U.S. ACOE Permit Information
On September 24, 2015, the Army Corps of Engineers issued a Public Notice that GCL, LLC, the new owner of the Gregory Canyon property, had filed a new application for a Clean Water Act Section 404 permit. A new application was needed because the previous application had been withdrawn by the Army Corps in April of 2014 due to the applicant’s failure to provide necessary information to complete the environmental impact statement (“EIS”) and the permit review.
The notice stated that comments on the project could be filed by October 24, 2015. It also stated that comments previously submitted on the draft EIS did not need to be resubmitted to be considered. A copy of the DEIS can be found at the Army Corps’ website: http://www.pcrnet.com/GC/DEIS/_Start_Menu.html.
The Pala Band, the City of Oceanside, NRDC and other opponents also filed comments during the new Public Notice comment period. Those documents can be found here.
The comments submitted on the new Public Notice reiterated arguments made on the draft EIS that publicly available data from CalRecycle show there is sufficient landfill capacity in the County and neighboring areas and that the amount of waste being disposed is trending downward. That information shows that the proposed landfill is unnecessary and that its approval would not be in the public interest.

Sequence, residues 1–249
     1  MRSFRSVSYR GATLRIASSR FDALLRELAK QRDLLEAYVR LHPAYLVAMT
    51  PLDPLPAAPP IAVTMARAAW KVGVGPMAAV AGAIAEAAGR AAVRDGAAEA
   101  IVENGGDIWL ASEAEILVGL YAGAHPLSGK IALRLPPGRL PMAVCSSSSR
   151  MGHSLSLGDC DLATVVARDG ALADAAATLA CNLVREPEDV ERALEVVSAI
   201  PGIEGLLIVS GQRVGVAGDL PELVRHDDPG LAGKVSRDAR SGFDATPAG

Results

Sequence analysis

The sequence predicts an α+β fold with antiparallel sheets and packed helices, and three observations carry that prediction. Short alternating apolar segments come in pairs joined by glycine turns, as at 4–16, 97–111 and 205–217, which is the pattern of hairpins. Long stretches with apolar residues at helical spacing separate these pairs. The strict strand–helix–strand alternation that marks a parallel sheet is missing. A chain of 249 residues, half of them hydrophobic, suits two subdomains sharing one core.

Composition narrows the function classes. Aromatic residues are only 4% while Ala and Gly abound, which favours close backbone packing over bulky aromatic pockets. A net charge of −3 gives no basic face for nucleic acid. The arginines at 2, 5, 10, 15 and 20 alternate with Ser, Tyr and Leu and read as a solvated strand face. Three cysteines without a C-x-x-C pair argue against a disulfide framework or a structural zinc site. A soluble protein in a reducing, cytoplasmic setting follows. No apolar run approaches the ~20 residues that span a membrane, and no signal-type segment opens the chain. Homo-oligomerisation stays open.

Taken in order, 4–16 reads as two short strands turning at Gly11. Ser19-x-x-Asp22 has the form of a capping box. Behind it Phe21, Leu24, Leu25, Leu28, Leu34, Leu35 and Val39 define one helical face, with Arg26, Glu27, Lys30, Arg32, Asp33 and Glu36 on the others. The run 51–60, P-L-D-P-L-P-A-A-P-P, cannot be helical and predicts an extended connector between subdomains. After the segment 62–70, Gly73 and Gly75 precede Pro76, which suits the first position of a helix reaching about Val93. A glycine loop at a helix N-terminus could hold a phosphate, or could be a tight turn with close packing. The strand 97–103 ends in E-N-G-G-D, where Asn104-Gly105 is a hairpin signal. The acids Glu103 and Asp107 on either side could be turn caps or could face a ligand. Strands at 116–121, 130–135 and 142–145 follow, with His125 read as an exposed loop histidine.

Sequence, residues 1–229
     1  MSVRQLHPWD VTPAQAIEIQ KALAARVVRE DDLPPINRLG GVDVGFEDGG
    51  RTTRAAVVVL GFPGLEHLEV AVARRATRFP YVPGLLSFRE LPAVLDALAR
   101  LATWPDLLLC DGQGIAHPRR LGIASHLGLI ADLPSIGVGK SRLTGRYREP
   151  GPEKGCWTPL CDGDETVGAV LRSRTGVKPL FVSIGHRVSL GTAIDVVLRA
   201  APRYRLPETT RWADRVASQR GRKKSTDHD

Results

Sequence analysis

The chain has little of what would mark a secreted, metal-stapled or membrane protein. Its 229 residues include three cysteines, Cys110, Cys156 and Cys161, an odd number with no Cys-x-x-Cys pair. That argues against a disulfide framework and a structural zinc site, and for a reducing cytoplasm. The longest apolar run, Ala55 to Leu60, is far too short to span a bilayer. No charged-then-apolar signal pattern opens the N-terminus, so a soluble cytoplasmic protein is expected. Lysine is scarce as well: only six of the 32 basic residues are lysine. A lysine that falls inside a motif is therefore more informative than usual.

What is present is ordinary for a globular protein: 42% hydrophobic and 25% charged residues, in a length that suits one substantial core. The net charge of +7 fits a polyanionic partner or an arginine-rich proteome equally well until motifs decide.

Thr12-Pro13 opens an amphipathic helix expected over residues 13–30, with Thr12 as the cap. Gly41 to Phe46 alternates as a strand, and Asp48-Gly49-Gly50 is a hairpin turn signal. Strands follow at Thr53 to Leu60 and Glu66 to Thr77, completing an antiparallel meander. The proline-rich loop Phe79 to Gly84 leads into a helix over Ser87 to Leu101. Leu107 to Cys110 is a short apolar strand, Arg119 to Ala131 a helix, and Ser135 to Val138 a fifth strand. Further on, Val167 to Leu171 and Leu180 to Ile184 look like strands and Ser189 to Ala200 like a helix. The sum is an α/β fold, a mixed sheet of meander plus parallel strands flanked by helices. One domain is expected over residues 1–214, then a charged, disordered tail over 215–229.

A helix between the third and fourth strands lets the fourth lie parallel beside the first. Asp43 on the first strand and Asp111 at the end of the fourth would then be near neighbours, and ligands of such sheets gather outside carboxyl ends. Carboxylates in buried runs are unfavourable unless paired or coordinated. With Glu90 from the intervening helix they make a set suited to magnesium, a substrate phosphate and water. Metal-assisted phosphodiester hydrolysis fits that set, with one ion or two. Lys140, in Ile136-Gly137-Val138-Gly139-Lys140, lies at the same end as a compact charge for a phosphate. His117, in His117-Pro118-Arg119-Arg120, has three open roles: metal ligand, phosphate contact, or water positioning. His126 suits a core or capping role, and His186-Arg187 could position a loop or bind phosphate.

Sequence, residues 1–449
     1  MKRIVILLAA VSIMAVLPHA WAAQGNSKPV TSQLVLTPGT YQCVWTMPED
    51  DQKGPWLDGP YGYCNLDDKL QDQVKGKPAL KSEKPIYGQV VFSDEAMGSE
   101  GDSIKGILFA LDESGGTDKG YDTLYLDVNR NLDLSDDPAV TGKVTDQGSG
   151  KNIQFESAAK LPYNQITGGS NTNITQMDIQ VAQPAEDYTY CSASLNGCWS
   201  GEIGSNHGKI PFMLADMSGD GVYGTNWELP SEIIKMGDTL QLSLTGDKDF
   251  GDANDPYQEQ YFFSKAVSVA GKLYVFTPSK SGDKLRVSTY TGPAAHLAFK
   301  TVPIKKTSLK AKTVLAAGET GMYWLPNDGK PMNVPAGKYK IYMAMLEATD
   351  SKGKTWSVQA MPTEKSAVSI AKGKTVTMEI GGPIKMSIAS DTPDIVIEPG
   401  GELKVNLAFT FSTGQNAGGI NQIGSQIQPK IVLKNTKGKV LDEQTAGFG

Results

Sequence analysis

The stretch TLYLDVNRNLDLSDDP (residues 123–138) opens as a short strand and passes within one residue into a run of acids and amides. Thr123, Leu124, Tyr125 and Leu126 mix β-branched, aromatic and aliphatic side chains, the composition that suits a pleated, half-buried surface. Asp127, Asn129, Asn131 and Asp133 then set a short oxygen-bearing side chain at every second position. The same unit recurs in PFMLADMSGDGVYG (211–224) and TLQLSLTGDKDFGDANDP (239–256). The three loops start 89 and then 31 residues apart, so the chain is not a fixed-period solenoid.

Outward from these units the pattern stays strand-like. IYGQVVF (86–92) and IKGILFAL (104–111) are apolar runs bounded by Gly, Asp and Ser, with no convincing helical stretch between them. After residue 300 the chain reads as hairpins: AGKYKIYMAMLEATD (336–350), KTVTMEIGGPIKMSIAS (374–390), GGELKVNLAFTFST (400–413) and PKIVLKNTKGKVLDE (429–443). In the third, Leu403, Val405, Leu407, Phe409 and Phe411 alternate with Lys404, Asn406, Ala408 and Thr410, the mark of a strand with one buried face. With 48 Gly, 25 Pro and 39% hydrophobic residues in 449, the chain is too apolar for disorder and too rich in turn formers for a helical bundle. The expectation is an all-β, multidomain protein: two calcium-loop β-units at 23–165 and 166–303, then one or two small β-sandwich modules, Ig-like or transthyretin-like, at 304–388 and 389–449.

The new comments also pointed out that the Army Corps’ January 2014 letter to the applicant had identified significant problems with the information included in the draft EIS that was provided for public comment. The deficient information identified by the Army Corps was enough to warrant the preparation of a supplemental draft EIS for public review and comment. But, the comments also provided numerous examples of other misleading or missing information in the draft EIS that the Corps’ letter had not listed, which further supported the need for the Corps to prepare a supplemental draft EIS for public review and comment.
The comments also stated that the Army Corps must consider as an alternative to the proposed landfill the construction of an anaerobic digestion/composting facility on the site, as proposed by the Pala Band in its comments, or a similar non-landfill project on or off the site. Such an alternative waste management project would satisfy the need for the project and would avoid impacts to waters of the United States. That would make such an alternative the “least environmentally damaging practicable alternative” (“LEDPA”) under the Clean Water Act. The Army Corps can only approve a Clean Water Act Section 404 permit for a project that is the LEDPA.
It is now up to the Army Corps to take the correct action and issue a supplemental draft EIS for public review and comment. We will keep you posted on new developments.
California Coastal Commission documents